Refusing a Mediation Opportunity

EF176DFE-87C3-43B4-860F-7A327847DDE6
Part of a mediation notice

By: Donald L. Swanson

“By providing you with this notice, [creditor’s name] is merely complying with the notice requirements under the Nebraska Farm Mediation Act. [Creditor’s name] does not, in any way, acquiesce to participation in the mediation process with you.”

–Two sentences from a creditor’s notice of mediation rights to a debtor under Neb. Rev. Stat. § 2-4801 et seq. (italics in original).

Every now and then, you see something and react with, “What the heck is that?!”

The portion of a mediation notice, in the photo above, is one of those things.

Background

Here’s the context. The recipients of said letter are a Nebraska farming couple. The letter is from an attorney for their primary creditor and is about their defaulted farm loans.

–Mediation Notice Requirement

The creditor is sending the letter because notice of mediation rights is required by law. Neb. Rev. Stat. § 2-4807(1) says:

“At least thirty days prior to the initiation of a proceeding on an agricultural debt in excess of forty thousand dollars, a creditor . . . shall provide written notice directly to the borrower of the availability of mediation . . . “

–Actual Mediation Is Not Required

Unfortunately, Neb. Rev. Stat. § 2-4808(2) also says:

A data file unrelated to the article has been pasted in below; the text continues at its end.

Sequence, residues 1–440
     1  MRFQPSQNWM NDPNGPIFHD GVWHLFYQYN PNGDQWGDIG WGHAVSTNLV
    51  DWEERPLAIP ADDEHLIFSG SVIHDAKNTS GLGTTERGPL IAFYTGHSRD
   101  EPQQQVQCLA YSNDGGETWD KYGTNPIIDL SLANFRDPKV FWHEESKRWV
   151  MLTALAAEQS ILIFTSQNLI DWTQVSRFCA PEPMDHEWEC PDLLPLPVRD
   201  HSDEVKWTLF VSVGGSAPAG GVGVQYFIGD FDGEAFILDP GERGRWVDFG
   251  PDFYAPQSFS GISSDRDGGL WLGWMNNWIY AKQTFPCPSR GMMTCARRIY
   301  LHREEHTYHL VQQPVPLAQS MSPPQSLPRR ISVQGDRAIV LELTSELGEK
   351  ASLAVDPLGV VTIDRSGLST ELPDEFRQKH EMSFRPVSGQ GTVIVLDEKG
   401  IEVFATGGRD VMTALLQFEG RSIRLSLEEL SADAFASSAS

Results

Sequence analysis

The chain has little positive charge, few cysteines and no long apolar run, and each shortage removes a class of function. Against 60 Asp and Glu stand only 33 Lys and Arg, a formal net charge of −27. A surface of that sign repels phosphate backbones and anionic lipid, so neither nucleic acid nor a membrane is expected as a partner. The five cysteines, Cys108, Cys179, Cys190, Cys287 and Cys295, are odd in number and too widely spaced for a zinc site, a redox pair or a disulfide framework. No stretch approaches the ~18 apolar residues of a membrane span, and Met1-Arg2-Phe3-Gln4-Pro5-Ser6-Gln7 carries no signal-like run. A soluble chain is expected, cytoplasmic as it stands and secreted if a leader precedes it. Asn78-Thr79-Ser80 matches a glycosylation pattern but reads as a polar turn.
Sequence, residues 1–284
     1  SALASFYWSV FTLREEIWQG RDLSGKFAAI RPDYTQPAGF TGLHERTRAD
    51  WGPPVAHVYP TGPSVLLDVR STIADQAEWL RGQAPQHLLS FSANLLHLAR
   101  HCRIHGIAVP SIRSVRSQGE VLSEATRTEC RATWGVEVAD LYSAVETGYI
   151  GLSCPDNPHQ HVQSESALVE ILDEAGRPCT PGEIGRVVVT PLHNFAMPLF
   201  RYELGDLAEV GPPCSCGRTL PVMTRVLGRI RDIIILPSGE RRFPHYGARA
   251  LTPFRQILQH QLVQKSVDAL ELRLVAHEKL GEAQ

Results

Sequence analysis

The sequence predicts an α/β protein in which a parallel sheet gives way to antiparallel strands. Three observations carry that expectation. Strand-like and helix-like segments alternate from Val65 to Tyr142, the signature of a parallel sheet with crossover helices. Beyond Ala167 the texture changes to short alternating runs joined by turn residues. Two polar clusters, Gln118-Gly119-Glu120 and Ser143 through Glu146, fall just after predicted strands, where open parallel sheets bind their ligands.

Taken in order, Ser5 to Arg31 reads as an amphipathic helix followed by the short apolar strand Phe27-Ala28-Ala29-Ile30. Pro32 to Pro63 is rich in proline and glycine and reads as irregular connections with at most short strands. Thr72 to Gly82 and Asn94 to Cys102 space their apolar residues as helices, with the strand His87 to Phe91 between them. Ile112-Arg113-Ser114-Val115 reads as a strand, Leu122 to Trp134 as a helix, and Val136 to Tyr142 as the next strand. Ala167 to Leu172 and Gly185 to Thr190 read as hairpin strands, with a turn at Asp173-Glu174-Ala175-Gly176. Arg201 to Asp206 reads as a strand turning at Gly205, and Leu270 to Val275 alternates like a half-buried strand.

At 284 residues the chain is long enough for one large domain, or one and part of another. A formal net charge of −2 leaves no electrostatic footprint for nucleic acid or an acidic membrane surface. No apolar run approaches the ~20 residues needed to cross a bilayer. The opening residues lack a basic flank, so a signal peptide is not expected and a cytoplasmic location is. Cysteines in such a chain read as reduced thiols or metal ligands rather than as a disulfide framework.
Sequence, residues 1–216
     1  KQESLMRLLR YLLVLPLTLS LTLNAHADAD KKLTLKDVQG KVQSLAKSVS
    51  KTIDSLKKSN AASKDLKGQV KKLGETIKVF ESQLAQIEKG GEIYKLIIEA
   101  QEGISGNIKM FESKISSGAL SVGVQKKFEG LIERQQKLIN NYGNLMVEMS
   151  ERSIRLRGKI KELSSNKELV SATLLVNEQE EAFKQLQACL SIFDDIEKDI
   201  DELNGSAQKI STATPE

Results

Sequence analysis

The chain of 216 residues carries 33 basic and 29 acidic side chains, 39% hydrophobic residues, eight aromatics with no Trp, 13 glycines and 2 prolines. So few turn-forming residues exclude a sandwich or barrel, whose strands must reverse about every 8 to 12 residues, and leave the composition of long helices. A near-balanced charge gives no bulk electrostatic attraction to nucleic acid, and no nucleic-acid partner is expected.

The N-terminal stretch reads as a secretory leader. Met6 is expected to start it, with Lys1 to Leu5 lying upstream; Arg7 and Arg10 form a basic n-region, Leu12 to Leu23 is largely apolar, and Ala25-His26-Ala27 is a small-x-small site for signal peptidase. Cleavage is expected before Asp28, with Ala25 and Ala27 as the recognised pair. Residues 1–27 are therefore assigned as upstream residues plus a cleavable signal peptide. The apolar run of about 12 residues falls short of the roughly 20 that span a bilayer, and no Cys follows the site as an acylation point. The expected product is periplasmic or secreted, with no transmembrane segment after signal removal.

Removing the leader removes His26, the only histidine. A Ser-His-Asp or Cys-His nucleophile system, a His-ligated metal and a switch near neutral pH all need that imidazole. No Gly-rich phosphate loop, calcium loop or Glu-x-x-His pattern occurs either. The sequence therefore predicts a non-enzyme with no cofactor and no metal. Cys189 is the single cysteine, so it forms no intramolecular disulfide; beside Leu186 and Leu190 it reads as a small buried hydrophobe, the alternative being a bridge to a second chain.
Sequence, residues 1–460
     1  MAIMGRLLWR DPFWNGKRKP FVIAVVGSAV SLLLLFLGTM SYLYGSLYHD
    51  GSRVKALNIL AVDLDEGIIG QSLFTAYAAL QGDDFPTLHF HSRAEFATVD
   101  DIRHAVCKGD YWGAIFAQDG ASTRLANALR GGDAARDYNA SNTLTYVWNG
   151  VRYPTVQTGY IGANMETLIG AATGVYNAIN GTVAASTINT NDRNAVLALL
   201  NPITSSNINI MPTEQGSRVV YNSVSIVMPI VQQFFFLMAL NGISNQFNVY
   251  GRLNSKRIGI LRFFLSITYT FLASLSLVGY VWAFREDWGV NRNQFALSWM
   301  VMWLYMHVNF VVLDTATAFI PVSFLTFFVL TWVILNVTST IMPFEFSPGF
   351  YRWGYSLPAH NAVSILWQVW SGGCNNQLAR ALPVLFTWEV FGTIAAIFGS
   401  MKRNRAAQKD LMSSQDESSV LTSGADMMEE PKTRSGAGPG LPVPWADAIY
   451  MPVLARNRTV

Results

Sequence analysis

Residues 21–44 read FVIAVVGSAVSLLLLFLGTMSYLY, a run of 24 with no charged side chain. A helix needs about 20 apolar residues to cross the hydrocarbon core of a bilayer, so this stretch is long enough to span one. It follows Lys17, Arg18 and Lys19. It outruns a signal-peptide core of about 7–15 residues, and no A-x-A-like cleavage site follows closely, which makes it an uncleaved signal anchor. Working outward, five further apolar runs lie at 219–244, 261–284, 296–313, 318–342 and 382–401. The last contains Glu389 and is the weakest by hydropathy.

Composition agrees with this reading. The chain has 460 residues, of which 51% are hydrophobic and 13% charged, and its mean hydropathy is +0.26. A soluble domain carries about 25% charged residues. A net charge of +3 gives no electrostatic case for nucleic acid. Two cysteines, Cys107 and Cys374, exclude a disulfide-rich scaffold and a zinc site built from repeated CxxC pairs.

“The parties shall not be required to attend any mediation meetings.”

Result

So, what the creditor says, in the letter noted above, is essentially this:

  1. Before suing you, we are required to give you this notice of mediation rights;
  2. But we are NOT required to actually attend a mediation with you;
  3. So, you may want to mediate with us; but
  4. Forget it, because we don’t want to mediate with you; and
  5. We are perfectly within our legal rights to take this position.

What the heck?!

Anyway . . . I recently saw the letter. Couldn’t believe someone would actually say such a thing—directly, overtly and in writing! But the letter is for real.

Why?

So . . . why would a creditor take such a position?

Similar mediation laws exist in almost every farm state. Most of those laws require more of a creditor—like actually attending a mediation when the debtor wants to mediate. And such mediations, when they do occur, are highly effective in achieving settlements.

But this creditor wants none of that.

Conclusion

My answer to the “why” question is this: “I have no idea.”

** If you find this article of value, please feel free to share. If you’d like to discuss, let me know.

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